Paragraph 148 first of all cites the angelic doctor in support of the statement that excessive seeking of some pleasure can weaken or taint that same pleasure. This is alright. Personally I find the use of the next quotation, in a footnote to the same paragraph, somewhat distasteful in its context, and there is no attempt to give a well-rounded account of St Thomas’s teaching on the relation between the use of matrimony and virtue; but let us pass on.

Now, paragraph 301. Here the pope states that people, and from the context he is speaking of Catholics, can be living in irregular (e.g. adulterous) situations and may know the Church’s teaching on ‘the rule’, and yet may be unable to see the point of ‘the rule’. These people, he says, may possess sanctifying grace and may be unable to obey the rule without sinning. This is contrary to Trent; but here I am considering only the use which Amoris Laetitia makes of St Thomas. And it quotes him in support of this position! “Saint Thomas Aquinas himself recognized that someone may possess grace and charity, yet not be able to exercise any one of the virtues well.” As Joseph Shaw has pointed out, this quotation is completely irrelevant to the matter at hand. St Thomas is talking of people who have repented of past sins, and who keep the moral law, but do so with some difficulty because of the effect that those past sins have left behind. It is hard not to see this as a cynical misuse of the angelic doctor.

Paragraph 304 seeks to recruit St Thomas in favour of having no unvarying law about how to act towards those in e.g. adulterous situations. It quotes a passage from 1a 2a 94, 4: “Practical reason deals with contingent things, upon which human activity bears, and so although there is necessity in the general principles, the more we descend to matters of detail, the more frequently we encounter defects…  In matters of action, truth or practical rectitude is not the same for all, as to matters of detail, but only as to the general principles.” Presumably one is supposed to think that St Thomas would have said that therefore you can’t have a fixed principle of not giving Holy Communion to those who live in an adulterous relationship, but only a defeasible presumption of not doing so. The problem with this is that it ignores his, and the Church’s, teaching about intrinsically evil actions. Since some actions are intrinsically evil, one can indeed have unvarying negative precepts, saying that such and such a thing must never be done, whatever the circumstances. Affirmative precepts, on the other hand, such as giving back a loaned article when the lender requires it, bear on a good to be done and not on an evil to be avoided, and since goodness requires not only a good object but also the right circumstances, affirmative precepts can be suspended in particular cases (e.g. don’t return a gun to a madman.) The precept of not giving Holy Communion to those in public mortal sin is a negative precept, based on the intrinsic evil of dishonouring the Church.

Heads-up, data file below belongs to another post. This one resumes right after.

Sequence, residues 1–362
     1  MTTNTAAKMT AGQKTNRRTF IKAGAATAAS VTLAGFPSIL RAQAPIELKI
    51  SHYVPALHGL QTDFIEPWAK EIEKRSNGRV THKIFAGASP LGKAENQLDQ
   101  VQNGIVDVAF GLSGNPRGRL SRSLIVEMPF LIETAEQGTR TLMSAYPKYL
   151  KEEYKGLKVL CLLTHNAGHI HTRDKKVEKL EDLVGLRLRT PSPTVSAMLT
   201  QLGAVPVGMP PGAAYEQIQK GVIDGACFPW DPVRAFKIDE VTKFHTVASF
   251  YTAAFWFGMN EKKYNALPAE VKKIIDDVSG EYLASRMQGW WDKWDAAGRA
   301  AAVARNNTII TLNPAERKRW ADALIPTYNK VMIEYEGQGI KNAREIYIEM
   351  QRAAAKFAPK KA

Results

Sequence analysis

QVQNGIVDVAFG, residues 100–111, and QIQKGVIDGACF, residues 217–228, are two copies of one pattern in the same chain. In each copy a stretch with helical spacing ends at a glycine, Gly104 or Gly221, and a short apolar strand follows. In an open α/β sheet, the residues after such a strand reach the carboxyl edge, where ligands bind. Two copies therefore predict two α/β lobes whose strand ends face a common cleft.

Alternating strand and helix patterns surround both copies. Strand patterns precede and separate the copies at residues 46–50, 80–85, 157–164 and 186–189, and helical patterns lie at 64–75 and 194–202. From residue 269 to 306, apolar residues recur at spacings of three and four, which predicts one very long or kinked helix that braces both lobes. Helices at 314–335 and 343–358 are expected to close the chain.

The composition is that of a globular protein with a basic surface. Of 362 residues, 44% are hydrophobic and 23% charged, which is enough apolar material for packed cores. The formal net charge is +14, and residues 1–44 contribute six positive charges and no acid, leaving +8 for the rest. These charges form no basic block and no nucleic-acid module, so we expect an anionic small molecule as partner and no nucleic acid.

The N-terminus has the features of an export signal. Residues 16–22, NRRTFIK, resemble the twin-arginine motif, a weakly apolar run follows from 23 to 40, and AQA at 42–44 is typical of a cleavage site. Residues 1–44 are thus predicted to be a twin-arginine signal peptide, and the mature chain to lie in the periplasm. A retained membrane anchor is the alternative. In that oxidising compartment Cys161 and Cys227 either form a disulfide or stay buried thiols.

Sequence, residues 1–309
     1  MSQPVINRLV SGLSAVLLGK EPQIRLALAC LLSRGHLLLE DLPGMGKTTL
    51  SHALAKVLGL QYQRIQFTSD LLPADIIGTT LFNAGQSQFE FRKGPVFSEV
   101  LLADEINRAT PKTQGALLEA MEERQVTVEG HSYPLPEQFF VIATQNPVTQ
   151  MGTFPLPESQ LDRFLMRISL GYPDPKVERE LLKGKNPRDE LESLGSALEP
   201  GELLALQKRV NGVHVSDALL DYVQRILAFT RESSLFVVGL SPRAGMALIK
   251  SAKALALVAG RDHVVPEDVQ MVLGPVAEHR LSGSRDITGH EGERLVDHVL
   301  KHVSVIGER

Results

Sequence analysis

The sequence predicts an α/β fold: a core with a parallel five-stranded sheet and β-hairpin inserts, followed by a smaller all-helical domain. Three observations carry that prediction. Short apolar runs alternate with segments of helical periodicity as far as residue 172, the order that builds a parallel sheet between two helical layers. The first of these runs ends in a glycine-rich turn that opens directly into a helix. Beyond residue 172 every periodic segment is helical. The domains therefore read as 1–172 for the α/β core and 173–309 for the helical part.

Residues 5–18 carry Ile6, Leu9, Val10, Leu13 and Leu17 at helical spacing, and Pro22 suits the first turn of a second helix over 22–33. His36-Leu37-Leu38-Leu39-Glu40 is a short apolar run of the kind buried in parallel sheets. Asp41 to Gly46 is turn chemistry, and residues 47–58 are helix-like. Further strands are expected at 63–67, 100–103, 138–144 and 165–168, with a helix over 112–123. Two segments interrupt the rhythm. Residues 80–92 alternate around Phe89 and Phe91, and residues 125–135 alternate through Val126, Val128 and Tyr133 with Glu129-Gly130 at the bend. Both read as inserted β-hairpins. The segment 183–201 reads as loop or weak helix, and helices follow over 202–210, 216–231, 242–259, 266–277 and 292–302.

In a footnote to the same paragraph, the document says: ‘In another text, referring to the general knowledge of the rule and the particular knowledge of practical discernment, Saint Thomas states that “if only one of the two is present, it is preferable that it be the knowledge of the particular reality, which is closer to the act”.’ This is a reference to the commentary on the Nicomachaea ethics, Book 6, lecture 6, section 11. It is misleading. St Thomas does not contrast rules and discernment here, but universal truths and more particular truths. He gives the example of someone who knows that ‘light flesh’ is healthy to eat, but doesn’t know what counts as light flesh, and someone else who doesn’t know the general principle about ‘light flesh’, but does know that the flesh of birds is healthy to eat. The latter person is a better guide to diet. So St Thomas is not saying that the priest who knows that Mrs Smith really loves her new husband but has never heard that one should not give Holy Communion to those in adultery is in a better position to judge what to do at the altar-rails, but that a priest who knows that one should not give Holy Communion to those in public adultery, but doesn’t know the general principle that one should not give It to those in public sin, is in a better position to decide what to do than one who knows that one should not give It to those in public sin, but who has no idea about what counts as public sin.

I didn’t notice any other references to the Angelic Doctor in this document.